Lady Penelope: "Thank you, Parker. There's no need for you to come in. I'll be needing you around 6 o'clock."
Parker: "Very well, m'lady. I don't like hanging around ladies' shops anyway."
Lady Penelope: "So I understand, Parker. I'll see you at 6 then."
Dawkins: "We'll be at the Creighton-Ward mansion in 5 minutes, Mr Charles."
Mr Charles: "Right. Switch to silent flight and get the gas capsules ready."
Dawkins: "Yes, Mr Charles."
Mr Charles: "Bring her in to a hover over the chimney, Dawkins. I'll release the capsules. Right. By the time we touch down on the lawn, the servants will be out cold."
Parker: "Did you enjoy the play, m'lady?"
Lady Penelope: "Oh yes, Parker, it was very good. And those beautiful gowns from Wickfen's... I can't wait to go the Russian ambassador's ball."
Parker: "Yes, miss Elaine sells a nice bit of cloth, don't she?"
Lady Penelope: "The best, Parker. Now, will you telephone the house, please. Lilian can prepare my nightcap."
Parker: "Right. Will you be wanting tea or cocoa?"
Lady Penelope: "Oh, cocoa I think, Parker."
Dawkins: "That's the phone, Mr Charles."
Mr Charles: "Yes, it could be Lady Penelope. We'd better get a move on. Help me with this vase."
Dawkins: "Very good, sir. Have you got all you want, sir?"
Mr Charles: "I think so. Let me check the list. Yes, it's all here. Come on."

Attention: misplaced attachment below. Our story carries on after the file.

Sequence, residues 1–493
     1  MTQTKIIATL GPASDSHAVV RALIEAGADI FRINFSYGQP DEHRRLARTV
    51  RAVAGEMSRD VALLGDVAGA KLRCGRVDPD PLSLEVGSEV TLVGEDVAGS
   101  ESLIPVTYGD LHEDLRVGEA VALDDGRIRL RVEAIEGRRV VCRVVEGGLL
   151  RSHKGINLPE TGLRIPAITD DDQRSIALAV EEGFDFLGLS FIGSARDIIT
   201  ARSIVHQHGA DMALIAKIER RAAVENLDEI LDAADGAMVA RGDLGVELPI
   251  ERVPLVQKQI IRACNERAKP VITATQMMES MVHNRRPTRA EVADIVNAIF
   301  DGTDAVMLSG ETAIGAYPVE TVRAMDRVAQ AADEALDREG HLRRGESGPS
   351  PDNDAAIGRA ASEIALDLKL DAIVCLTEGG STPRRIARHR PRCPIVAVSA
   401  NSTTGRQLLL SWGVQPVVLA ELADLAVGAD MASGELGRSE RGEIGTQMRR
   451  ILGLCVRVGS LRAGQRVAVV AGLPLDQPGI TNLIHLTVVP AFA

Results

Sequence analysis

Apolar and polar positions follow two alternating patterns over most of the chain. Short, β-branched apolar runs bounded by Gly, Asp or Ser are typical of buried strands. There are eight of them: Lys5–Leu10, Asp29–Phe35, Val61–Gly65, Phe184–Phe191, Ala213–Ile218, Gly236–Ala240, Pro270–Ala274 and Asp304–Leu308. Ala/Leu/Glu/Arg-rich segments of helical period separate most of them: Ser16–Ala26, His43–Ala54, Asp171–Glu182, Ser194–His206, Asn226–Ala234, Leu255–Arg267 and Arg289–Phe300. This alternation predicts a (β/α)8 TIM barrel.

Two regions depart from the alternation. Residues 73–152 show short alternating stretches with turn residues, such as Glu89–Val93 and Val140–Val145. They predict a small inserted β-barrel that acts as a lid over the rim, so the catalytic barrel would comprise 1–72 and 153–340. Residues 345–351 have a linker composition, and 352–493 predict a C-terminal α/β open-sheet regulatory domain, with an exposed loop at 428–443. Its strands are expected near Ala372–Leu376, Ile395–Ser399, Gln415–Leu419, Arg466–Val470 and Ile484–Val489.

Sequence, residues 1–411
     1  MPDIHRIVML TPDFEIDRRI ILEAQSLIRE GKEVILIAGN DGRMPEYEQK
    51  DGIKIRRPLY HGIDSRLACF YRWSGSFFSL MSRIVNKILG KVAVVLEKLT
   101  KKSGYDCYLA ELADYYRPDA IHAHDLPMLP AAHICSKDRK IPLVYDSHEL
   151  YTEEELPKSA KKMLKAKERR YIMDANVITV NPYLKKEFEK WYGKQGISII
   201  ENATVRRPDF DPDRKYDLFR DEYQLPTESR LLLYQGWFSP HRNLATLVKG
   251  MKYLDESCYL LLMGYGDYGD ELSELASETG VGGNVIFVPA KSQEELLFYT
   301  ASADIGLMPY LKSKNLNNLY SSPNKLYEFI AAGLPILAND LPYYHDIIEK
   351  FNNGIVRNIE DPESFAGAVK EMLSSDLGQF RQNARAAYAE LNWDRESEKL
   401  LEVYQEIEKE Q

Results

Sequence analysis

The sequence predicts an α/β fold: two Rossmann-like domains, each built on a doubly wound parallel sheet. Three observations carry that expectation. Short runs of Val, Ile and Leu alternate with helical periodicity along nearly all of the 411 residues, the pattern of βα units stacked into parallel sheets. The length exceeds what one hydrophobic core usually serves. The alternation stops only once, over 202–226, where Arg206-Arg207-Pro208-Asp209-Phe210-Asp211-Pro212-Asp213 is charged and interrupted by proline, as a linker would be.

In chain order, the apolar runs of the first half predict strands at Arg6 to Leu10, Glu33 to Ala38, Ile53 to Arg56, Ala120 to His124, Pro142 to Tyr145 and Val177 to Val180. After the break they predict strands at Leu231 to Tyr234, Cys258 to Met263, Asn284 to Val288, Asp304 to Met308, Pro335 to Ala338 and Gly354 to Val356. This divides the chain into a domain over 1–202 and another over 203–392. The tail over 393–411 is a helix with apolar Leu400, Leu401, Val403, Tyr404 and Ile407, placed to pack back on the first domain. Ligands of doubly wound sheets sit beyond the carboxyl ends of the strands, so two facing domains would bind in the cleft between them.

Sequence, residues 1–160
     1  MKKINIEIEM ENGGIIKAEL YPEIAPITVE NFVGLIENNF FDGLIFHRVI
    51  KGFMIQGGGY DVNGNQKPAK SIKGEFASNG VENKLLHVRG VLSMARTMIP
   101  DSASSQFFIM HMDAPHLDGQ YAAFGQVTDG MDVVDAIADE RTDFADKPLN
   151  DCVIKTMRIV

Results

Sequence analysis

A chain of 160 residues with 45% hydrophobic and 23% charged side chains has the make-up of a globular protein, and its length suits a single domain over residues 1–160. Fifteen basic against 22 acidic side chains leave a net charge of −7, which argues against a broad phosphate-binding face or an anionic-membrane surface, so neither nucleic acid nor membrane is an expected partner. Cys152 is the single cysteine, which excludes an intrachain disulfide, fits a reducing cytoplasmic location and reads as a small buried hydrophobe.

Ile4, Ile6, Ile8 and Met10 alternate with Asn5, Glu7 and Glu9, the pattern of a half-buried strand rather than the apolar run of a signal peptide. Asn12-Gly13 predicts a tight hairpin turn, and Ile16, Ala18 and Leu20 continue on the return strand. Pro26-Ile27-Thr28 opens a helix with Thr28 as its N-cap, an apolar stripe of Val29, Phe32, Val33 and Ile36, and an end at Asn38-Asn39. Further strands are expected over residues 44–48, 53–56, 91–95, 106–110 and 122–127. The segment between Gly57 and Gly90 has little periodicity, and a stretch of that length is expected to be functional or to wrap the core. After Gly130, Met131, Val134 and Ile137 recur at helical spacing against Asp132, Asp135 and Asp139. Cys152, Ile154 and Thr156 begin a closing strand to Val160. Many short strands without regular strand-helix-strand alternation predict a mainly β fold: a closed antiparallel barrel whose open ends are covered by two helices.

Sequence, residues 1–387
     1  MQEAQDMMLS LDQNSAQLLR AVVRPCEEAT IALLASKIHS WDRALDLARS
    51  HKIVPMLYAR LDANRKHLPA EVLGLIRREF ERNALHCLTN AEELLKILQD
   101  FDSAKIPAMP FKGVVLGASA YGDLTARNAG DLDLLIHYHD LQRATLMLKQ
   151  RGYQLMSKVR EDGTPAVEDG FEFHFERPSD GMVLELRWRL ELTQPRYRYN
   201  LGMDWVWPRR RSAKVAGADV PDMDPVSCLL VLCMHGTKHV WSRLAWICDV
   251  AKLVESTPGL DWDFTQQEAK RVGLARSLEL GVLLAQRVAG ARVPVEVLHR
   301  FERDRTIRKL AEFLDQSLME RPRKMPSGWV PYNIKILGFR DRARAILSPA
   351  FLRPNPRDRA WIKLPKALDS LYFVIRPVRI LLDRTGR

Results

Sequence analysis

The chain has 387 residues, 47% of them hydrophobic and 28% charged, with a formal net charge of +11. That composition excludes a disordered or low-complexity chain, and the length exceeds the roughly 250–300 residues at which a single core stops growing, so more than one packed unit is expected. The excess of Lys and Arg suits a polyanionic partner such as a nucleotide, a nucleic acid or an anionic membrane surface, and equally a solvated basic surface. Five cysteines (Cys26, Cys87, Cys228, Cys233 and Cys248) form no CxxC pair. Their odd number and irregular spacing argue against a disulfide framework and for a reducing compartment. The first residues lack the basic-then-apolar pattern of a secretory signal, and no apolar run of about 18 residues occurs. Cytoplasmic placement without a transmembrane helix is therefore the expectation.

Parker: "There don't seem to be no reply, m'lady."
Lady Penelope: "How very strange. All the staff can't be asleep. Better put your foot down, Parker. Something must have happened."
Lady Penelope: "Parker, do you see what I see?"
Parker: "Yes, m'lady. It's a helijet. It's just taken off from the front lawn."
Lady Penelope: "Exactly. And I'm not expecting visitors tonight. Parker, I do believe that we've been robbed."
Parker: "Cor! Shall I shoot him down with the canons, m'lady?"
Lady Penelope: "Certainly not, Parker. The helijet could be a perfectly innocent caller. And on the hand, if it is the stately homes robber, he'll have some of my most valuable vases and china aboard. We wouldn't want them to be smashed, would we?"
Parker: "I suppose not, m'lady, but what are we gonna do?"
Lady Penelope: "Stop the car, Parker. Now, I put the suction microphone in my bag yesterday. Ah, yes, here it is. Loan me your pneumatic machine pistol, Parker."
Parker: "Here you are, m'lady. It's got a compressed air charge in it."
Lady Penelope: "Good. Now, I just insert the microphone in the chamber, like so, and take careful aim."
Parker: "Good shooting, m'lady! I'll switch on the receiver speaker."
Mr Charles: "Good, the darkness will stop the occupants of that car from identifying the helijet."
Dawkins: "Yes, sir. But it was a close thing."
Mr Charles: "I agree, Dawkins. I'm glad that was the last stately home on my list."
Dawkins: "You mean you've got all the pieces, sir?"
Mr Charles: "All but one fine collection, Dawkins, and you know where that is."
Dawkins: "Of course, Mr Charles. But getting the crown jewels is a bit different than the heirlooms we've stolen so far."